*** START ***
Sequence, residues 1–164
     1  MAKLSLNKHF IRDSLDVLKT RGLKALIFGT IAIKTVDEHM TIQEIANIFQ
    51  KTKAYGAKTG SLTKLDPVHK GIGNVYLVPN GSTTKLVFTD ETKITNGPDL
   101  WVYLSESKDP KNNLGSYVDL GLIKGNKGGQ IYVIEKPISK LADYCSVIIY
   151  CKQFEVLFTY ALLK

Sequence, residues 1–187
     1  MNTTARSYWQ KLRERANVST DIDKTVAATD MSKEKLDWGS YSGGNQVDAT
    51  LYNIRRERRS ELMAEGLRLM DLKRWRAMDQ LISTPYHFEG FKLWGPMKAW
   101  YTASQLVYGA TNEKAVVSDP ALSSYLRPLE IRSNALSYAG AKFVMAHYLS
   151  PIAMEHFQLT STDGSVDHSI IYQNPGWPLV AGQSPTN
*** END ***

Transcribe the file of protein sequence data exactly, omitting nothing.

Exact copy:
Sequence, residues 1–164
     1  MAKLSLNKHF IRDSLDVLKT RGLKALIFGT IAIKTVDEHM TIQEIANIFQ
    51  KTKAYGAKTG SLTKLDPVHK GIGNVYLVPN GSTTKLVFTD ETKITNGPDL
   101  WVYLSESKDP KNNLGSYVDL GLIKGNKGGQ IYVIEKPISK LADYCSVIIY
   151  CKQFEVLFTY ALLK

Sequence, residues 1–187
     1  MNTTARSYWQ KLRERANVST DIDKTVAATD MSKEKLDWGS YSGGNQVDAT
    51  LYNIRRERRS ELMAEGLRLM DLKRWRAMDQ LISTPYHFEG FKLWGPMKAW
   101  YTASQLVYGA TNEKAVVSDP ALSSYLRPLE IRSNALSYAG AKFVMAHYLS
   151  PIAMEHFQLT STDGSVDHSI IYQNPGWPLV AGQSPTN